Is architecture capable of lending form to Jewish identity? The present international survey of contemporary architecture for Jewish institutions, totaling sixteen projects, illustrates key architectural approaches and their relationship to their cultural environment. We hope that the topics addressed and the material presented in the exhibition and catalogue, Jewish Identity in Contemporary Architecture, will encourage a more profound discussion on the potential and tasks of contemporary architecture for Jewish institutions, and on the issue of the expression of Jewish identity through architecture.
The exhibition was initiated and organized by the Joods Historisch Museum, Amsterdam. This is no coincidence. Amsterdam is the city where, in the Golden Age of Holland in the seventeenth and eighteenth centuries, Portuguese and Ashkenazi synagogues attested with pride to a flourishing Jewish identity. Admittedly, such striking synagogues were built there, as elsewhere, only when Jews felt at home in their environment or when it gave them a feeling of being welcome. The decision to erect such buildings emerged from a long-term perspective—the ability to say "we live here"—which in Jewish history was sometimes associated with the decision to remain in the Diaspora rather than emigrating to Israel. The present exhibition offers the opportunity to experience the motivation behind present-day decisions to erect such charismatic structures as the Jewish Museum in Berlin or the Dresden Synagogue.
Subway: The Story of Tunnels, Tubes, and Tracks by Larry Dane Brimner, Neil Waldman (Boyds Mills Press) Published exactly 100 years to the month after the opening of the New York City subway, this children’s book offers a brief, intriguing history of the "marvelous people mover" that transformed a city. Introductory chapters touch on the innovations and cultural influence that shaped the development of New York's rapid transit system, including London's Thames Tunnel and Underground, the influence of electrical power, and the political forces that intervened. Brimmer's straightforward text sometimes feels perfunctory, and the page layouts don't enhance the often too-small illustrations, which include handsome archival photos, prints, and drawings, as well as Waldman's original portraits and paintings. Better verbal and visual explanation of building techniques, such as the "cut and cover" method, would have been useful; for these turn to David Macaulay's Underground (1983). But Waldman offers a solid overview of why subways developed and how they have changed life in New York and in other cities around the world, and his anecdotes about inventors demonstrate how great changes begin with small moments of inspiration.
Buildings in Disguise: Architecture That Looks Like Animals, Food, and Other Things by Joan Marie Arbogast (Boyds Mills Press) This eye-catching children’s book features buildings "disguised" in other forms, from 65-foot-tall Lucy the Margate Elephant, a National Historic Landmark, to the Longaberger headquarters, a seven-story replica of a basket made by the company, to the original White Castle hamburger outlet, a tiny building with turreted and crenellated walls. The many illustrations include reproductions of period photographs, prints, and postcards as well as more recent photos of the sites. Though the gee-whiz appeal of the illustrations generally exceeds the interest level of the text and captions, readers looking for more information about this unusual subject will find the book a good starting place. Arbogast notes that she was unable to find any other books for children on the subject, but she appends a selected bibliography of adult materials, a list of brochures, and addresses of relevant Web sites. On the endpapers, a U.S. map indicates the locations of the 24 buildings mentioned in the text. Recommended for larger collections.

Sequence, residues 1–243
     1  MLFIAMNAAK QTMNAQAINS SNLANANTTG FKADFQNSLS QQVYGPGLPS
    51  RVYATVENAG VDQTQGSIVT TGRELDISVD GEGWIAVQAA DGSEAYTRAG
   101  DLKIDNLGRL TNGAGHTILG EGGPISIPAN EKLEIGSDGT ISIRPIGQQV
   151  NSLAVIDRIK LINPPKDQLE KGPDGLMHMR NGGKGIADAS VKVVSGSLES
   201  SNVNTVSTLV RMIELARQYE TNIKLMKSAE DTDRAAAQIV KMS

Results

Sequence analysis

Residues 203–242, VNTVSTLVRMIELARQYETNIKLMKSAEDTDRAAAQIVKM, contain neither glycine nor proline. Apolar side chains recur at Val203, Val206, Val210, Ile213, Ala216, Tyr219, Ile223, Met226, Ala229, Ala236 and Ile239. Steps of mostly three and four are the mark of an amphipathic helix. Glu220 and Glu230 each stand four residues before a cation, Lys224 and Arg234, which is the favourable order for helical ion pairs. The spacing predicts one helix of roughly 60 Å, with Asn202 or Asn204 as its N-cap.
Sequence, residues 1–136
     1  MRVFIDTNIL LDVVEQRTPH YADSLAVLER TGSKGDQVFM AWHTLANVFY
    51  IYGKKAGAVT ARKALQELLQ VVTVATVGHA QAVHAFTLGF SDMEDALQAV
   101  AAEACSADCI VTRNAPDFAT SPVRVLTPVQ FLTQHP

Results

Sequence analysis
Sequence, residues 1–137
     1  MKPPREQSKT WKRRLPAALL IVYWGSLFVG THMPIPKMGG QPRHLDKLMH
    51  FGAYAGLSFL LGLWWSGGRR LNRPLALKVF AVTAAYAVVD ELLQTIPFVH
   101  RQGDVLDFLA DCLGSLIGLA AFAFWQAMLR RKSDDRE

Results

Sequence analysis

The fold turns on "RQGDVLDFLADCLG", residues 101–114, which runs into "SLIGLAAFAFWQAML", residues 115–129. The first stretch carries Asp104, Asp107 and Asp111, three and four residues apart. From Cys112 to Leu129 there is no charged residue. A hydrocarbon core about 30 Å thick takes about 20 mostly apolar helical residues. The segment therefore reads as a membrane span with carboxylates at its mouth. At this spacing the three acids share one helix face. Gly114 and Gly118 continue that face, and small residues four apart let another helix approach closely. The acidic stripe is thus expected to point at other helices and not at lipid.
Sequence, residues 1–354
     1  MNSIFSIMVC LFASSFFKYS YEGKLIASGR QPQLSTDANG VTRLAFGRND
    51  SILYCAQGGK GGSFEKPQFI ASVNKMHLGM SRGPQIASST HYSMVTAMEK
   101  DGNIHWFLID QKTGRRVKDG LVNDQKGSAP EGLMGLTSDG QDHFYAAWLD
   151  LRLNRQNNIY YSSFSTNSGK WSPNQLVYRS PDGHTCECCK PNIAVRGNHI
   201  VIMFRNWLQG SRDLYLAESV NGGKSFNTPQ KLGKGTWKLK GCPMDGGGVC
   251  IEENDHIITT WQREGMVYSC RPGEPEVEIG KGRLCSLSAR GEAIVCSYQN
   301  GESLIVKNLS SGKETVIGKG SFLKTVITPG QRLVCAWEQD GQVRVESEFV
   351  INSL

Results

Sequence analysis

Airports: A Century of Architecture by Hugh Pearman (Harry N
Abrams) The airport terminal, the most important building type in
the world of transportation, is also the site of the most ambitious
and innovative achievements in 20th-century architecture. From the
timber runway used during the Wright Brothers' first powered flight
to modern glass-and-steel structures, from military buildings
housing fighter planes to public spaces for both travel and
shopping, airport architecture has evolved rapidly to meet the
demands of a growing travel industry.
Now, in the first book to celebrate a century of airport design, noted architecture critic Hugh Pearman takes the reader on a journey through the history of these majestic beauties and predicts what the future has in store. Among the spectacular designs featured here are Eero Saarinen's TWA Terminal in New York, Renzo Piano's Kansai International Airport in Osaka, Japan, and Norman Foster's Chek Lap Kok Airport in Hong Kong. With more than 300 photographs, drawings, and posters, this exquisite volume will have enormous appeal not only for architecture, engineering, and aviation professionals, but also for armchair travelers and design buffs fascinated by the sheer beauty of these architectural masterpieces.